• jenna LIVINGSTON November 30, -0001 at 12:00 am

    I am a graphic design student who is just about to graduate from university this summer and i am ashamed of that new logo. If any of my classmates or myself were to produce such a shocking piece of graphic design i would indeed have failed my course. I do believe that the logo must show our country in a good light and i personally feel that logo makes us look stupid.

  • Stuart Renfrew November 30, -0001 at 12:00 am

    I have been a graphic designer for 30 years, I thought that I should move over and leave it to the younger generation. Thank god I didn’t. I taught design as a consultant lecturer at an art college and if any of my students would have produced work like the olympic 2012 logo I would have told them not to waste there time and leave.
    Why those shapes? Why the crap typeface? Why use different shapes for the number 2? What are the shapes for? What do they represent (other than numbers)? Good luck to the design company, they’ll be laughing all the way to the bank. Don’t forget ‘The Emperors New Clothes’ Unfortunately they couldn’t pull the wool over the publics eyes

  • Stella Walton November 30, -0001 at 12:00 am

    Haha-“DARING TO BE DIFFERENT” it looks like they have just looked at the latest copy of POP magazine and grabbed a few flyers for electro clubs in Shoreditch and nicked the styling-but it has been executed really badly! I think the coloured shaped flitting about are meant to represent energy?? But the games they are holding are old fashioned…how about including some newer sports like Parkour…Bmxing and maybe dance inc Breaking ? Didn’t they want to introduce skate boarding? But the skate industry wouldn’t accept it? Why not…I’m all for change…but this looks errrr WHACK??

  • Mark Taylor November 30, -0001 at 12:00 am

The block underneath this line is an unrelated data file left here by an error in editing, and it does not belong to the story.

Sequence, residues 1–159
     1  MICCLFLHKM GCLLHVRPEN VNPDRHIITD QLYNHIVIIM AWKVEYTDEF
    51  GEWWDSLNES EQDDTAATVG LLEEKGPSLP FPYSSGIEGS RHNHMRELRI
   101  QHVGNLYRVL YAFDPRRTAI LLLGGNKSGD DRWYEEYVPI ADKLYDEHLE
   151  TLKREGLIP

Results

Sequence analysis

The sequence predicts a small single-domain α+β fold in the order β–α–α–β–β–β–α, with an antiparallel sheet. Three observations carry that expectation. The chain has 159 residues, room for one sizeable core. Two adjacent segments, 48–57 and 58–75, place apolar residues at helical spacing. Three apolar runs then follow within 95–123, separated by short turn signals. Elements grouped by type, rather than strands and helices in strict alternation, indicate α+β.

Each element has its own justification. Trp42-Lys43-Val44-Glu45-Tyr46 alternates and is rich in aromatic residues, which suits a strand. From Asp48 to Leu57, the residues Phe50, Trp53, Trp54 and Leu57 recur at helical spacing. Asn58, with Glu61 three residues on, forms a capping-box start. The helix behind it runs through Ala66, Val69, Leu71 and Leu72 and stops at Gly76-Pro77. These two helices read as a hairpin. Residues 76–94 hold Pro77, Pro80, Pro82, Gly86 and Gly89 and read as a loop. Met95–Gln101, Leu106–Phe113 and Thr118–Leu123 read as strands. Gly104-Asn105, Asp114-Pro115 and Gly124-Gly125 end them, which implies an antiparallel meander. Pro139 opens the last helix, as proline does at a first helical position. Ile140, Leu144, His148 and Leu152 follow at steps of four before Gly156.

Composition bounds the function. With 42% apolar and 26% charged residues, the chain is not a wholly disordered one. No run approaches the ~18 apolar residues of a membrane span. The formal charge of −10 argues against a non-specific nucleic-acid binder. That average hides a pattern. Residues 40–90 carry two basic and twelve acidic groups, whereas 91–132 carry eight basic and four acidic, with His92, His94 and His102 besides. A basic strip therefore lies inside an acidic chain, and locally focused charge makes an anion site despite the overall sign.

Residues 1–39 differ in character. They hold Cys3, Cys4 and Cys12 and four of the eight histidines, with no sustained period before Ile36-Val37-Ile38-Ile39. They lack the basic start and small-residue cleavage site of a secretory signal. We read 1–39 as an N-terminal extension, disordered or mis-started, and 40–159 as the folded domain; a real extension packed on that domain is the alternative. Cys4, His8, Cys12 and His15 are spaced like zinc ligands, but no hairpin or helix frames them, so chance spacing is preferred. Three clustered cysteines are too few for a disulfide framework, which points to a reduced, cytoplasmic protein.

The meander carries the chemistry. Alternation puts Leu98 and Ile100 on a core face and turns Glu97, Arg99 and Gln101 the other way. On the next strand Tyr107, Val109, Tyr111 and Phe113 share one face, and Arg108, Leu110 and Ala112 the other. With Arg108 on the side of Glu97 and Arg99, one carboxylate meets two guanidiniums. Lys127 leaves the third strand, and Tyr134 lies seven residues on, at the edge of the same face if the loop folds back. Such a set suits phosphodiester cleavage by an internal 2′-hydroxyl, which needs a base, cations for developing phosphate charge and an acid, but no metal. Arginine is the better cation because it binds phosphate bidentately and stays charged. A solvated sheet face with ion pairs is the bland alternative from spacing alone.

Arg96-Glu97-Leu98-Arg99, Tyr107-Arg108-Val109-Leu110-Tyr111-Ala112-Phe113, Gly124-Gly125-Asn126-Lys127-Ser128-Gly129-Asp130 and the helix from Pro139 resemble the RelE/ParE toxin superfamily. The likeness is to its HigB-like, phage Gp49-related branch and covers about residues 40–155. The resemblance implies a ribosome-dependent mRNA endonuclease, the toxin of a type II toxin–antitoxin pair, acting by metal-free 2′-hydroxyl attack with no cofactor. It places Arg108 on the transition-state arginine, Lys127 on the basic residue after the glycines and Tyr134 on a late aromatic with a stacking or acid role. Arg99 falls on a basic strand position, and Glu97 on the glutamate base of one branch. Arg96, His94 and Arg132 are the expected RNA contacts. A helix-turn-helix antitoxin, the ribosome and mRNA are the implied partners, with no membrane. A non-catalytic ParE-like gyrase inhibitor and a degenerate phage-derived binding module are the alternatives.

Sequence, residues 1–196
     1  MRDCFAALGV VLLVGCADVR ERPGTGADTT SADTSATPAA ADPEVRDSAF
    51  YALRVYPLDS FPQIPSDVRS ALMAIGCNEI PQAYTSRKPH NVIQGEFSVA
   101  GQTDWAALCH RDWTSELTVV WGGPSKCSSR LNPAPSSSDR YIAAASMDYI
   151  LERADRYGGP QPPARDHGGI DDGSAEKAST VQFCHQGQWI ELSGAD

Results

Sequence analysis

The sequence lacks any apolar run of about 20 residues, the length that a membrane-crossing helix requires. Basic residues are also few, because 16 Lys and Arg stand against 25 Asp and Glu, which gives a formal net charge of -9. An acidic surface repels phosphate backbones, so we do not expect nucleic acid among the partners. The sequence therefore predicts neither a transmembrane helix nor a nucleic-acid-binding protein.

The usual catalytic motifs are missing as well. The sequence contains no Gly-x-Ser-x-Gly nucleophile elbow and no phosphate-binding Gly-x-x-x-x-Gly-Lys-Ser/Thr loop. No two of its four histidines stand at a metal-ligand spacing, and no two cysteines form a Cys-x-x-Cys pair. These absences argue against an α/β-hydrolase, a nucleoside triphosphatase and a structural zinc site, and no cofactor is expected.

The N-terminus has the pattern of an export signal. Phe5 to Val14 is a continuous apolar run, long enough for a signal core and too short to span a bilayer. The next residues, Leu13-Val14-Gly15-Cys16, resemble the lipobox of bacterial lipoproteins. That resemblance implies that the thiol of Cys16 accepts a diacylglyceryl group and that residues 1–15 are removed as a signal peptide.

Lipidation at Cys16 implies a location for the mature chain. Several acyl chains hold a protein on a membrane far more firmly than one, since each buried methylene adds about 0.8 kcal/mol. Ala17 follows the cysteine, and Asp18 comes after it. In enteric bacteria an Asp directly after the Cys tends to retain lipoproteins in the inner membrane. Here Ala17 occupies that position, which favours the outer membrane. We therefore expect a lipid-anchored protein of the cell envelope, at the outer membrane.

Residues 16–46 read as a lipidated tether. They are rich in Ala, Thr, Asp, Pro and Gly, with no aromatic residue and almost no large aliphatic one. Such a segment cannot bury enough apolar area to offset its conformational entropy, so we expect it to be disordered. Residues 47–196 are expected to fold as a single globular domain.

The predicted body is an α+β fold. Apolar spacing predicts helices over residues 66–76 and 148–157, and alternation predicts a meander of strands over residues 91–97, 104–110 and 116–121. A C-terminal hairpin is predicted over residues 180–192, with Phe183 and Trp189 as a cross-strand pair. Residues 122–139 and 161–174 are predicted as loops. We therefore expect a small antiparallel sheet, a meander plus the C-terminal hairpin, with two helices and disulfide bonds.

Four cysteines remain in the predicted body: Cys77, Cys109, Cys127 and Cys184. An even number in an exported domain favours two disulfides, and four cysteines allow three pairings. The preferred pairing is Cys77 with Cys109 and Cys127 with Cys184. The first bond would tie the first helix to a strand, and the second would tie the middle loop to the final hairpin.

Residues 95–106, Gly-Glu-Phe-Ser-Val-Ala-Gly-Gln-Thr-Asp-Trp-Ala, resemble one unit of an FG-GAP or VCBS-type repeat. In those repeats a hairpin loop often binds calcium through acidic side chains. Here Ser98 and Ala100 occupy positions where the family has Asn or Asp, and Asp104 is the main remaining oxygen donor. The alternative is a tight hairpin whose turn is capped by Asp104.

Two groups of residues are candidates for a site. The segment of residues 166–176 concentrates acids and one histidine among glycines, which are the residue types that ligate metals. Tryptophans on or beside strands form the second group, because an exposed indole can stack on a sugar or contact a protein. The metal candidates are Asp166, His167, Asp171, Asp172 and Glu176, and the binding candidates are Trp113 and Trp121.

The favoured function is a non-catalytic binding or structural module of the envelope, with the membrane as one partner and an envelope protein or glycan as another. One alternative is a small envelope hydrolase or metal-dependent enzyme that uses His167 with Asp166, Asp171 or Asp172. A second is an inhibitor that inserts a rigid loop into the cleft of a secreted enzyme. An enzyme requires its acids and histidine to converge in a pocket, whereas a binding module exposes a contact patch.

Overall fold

Why have so very few people realised that the London Olympic Bid logo is a direct lift of the TISWAS (The 70s Saturday Morning kids show) logo?

  • Peta Miller November 30, -0001 at 12:00 am

    A look back through the entries for the original competition to design a logo for the bid, clearly illustrates many superior alternative solutions.
    Re-visit the 2012 bid logo ‘online gallery’ at http://www.productionpoint.co.uk.

  • steven ramsay November 30, -0001 at 12:00 am

    Typical!!!!! Our one chance to show the world how far ahead we are how innovative we are how inspiring we are, and what do we do………….

    Come up with a logo which looks like some kind of ink blotch test an absolute joke. This is a disaster on every level possible!!!!!!!!!!!

  • lo November 30, -0001 at 12:00 am

    The logo is very nice… I like it. It is different.

  • DaveyJJ November 30, -0001 at 12:00 am

    In my two decades of design I have yet to see such a horrible piece of logo as that. If anyone in my shop had produced that as anything but a gag, I’d have sacked them on the spot. If an agency I’d hired showed that to me I’d have fired them on the spot too.

    It’s no wonder why graphic design as a profession is considered such a joke by so many people. Our goal as designers is to help effectively convey information and messages. This conveys simply nothing at all.

    Horrible, horrible, horrible beyond words. I’m truly saddened.

  • Alejandro November 30, -0001 at 12:00 am

    Hey you British… This logo could be better, every logo could be… But this huge reaction is typical one someone tries to brake the rules.. and I love that. Finnally someone dares to try something else besides those beautiful “green, orange, magenta, joy, free doves..etc” olympics logos. I think this is a great intention (besides the logo graphic resolution) of rethinking things. I’m from Argentina and a big fan of English design, I really embrace the initiative.